English Teachers Wanted

This past spring I launched a new effort, ShakespeareAnswers.com. My honest hope for this Q&A style site is to corner the market on *correct* and *useful* answers to legitimate Shakespeare questions.  I’d been hanging out on Yahoo! Answers, Mahalo, WikiAnswers and others, and quite frankly the quality of both the questions and answers was often so poor (and at times downright incorrect) it made me sad.

My first big mistake was launching it in June, right at the end of the school year.  It peaked for a week or two, and then promptly fell off the face of the earth as everybody took off for summer and stopped asking Shakespeare questions.  Well, it’s fall now, school’s back, and I’d like to breathe some life into the project.

Here’s the thing, though. Every time I bring it up, people think that it is a “Do your homework for you so you don’t have to” site.  I try to explain to the nay-sayers that “Oh no, dear friends, you misunderstand – any kid who comes by looking for a short and sweet answer to his question is far more likely to get a lengthier earful than if he’d just listened to his teacher in the first place.”  I was even accused of insulting teachers at one point by apparently suggesting that I was having to clean up their messes because they’re not good at their jobs.

Still, I can deal with that.  Yesterday, though, I got into a conversation with a teacher who brought up something I hadn’t considered – lazy student plagiarize.  They cut and they paste.  So here I am thinking that my essay-length answers to their questions (rather than providing overly simplified answers like, “Yes, Mercutio is the Prince’s relative”) is a good service, but what’s going to happen is that kids will come by and simply copy and paste our answers into their homework. That’s not cool.

I can think of a few ways around that, by mucking with the ability to cut and paste text from the site.  But that’s on me, as the technical guy behind it. I’ll work on that.

This gets me to my subject line, though. I want to build a resource that English teachers don’t roll their eyes at.  On the contrary I want to build something that they’d actually recommend, if a student has questions that they can’t (or don’t have the time/energy/resources to) answer. So, I’m asking.  If you are a teacher of Shakespeare (even if you only do one unit amid a variety of other subjects), please take a moment to browse through ShakespeareAnswers and give me your honest opinion. If you knew your students were going to hit the google and end up there, what would you like to see that might make you think “Oh, ok, that’s not just another one of those do-your-homework-for-you sites?”  I’ll do my best to oblige.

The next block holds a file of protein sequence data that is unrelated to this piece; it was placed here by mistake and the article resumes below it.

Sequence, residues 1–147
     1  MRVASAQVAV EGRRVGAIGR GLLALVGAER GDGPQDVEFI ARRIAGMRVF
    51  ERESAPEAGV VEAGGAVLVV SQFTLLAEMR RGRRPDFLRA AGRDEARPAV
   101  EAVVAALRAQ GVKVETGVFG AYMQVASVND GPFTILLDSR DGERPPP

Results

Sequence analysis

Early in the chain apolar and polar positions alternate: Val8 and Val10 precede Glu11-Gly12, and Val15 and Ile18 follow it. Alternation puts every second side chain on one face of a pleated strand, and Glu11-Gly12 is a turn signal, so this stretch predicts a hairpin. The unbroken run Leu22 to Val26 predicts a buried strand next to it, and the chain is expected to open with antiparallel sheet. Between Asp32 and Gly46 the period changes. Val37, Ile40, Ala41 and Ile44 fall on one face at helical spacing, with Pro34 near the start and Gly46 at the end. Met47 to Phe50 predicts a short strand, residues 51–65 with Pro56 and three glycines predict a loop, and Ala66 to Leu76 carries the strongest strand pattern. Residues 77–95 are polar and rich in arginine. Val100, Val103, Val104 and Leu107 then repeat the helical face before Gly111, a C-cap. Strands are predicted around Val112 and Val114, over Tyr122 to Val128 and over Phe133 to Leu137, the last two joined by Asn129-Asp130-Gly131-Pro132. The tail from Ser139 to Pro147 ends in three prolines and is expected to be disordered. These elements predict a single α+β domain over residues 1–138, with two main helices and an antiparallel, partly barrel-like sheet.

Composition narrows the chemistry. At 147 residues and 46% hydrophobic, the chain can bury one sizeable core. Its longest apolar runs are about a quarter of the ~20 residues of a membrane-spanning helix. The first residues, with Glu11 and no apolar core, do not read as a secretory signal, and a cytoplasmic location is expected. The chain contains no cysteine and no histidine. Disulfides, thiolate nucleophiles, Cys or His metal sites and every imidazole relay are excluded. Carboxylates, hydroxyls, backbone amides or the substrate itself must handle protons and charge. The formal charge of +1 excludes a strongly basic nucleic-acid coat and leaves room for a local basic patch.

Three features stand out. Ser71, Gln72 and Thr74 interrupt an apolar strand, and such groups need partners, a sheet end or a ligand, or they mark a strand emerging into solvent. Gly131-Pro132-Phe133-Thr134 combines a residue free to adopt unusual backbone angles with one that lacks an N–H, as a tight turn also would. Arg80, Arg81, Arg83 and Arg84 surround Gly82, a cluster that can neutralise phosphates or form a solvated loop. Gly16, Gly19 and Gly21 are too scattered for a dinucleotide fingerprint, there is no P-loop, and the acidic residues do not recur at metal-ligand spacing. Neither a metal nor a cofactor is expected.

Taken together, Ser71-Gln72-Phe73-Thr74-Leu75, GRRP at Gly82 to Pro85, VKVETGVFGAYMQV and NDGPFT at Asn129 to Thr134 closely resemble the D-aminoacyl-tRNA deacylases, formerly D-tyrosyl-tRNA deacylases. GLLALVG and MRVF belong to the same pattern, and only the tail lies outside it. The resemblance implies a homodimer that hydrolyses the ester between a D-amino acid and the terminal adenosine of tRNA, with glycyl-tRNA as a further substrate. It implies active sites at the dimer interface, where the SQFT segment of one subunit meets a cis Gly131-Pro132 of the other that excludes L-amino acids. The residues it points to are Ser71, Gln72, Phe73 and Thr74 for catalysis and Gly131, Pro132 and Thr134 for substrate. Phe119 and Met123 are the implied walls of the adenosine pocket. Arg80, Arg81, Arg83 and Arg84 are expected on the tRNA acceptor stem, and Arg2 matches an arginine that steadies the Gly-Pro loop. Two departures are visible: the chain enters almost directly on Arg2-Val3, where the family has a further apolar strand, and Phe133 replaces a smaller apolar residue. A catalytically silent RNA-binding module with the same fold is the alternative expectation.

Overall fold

My mission isn’t to help kids pass tests. My mission is to always present Shakespeare in a way that makes it entertaining and accessible, in the hopes that even the lazy ones who come by looking to cut and paste some homework leave with a better understanding of what it’s all about.  And, who knows, maybe even a little appreciation.

6 thoughts on “English Teachers Wanted

  1. I teach Shakespeare and other classic writers at a community college where cutting and pasting is rife. I rarely see an original thought and can now identify SparkNotes at 20 paces. Your site is a little trickier to steal from. No easy paragraphs, and the tone of some of the lines would stand out, I think. Interesting source, for sure. You can make it hard to cut and paste from, but it's more getting to the root of the acadmic honesty/intellectual integrity issue. If a student doesn't care about learning Shakepsare and is being "made to," then he or she will not be invested in actually learning. I have had some great students who have written wonderful papers. But many hand me Wikipedia, SparkNotes, and Cliff Notes with nary a blush. Keep up your source, though. It's interesting. I will definitely add it to my course links.

  2. The Shakespeare Standard would like to help however we can. Let us know.

  3. Duane,

    I think you can head off some of the plagiarism by providing a "Cite This" section, like Wikipedia does, that makes it easy for students to find all the citation information. My students

  4. Anonymous says:


    I think you can head off some of the plagiarism by providing a "Cite This" section, like Wikipedia does, that makes it easy for students to find all the citation information. My students have admitted that this helps them a lot.

  5. Wow. Sorry for the double post. Internet connection cut out mid thought!

  6. Thank you, Margarita. We'll do what we can to keep it a good resource and not a cheating haven.

    Editor, the name of the game is volume and quality. So if you have ready access to a stream of students and/or teachers, I'm just trying to encourage everybody I can to post their questions, and to come back and help vote on the quality of those answers. The database has been pre-populated with several thousand questions combed from the search engines, so anyone who is interested is more than welcome to dig in and start answering on their favorite topic.

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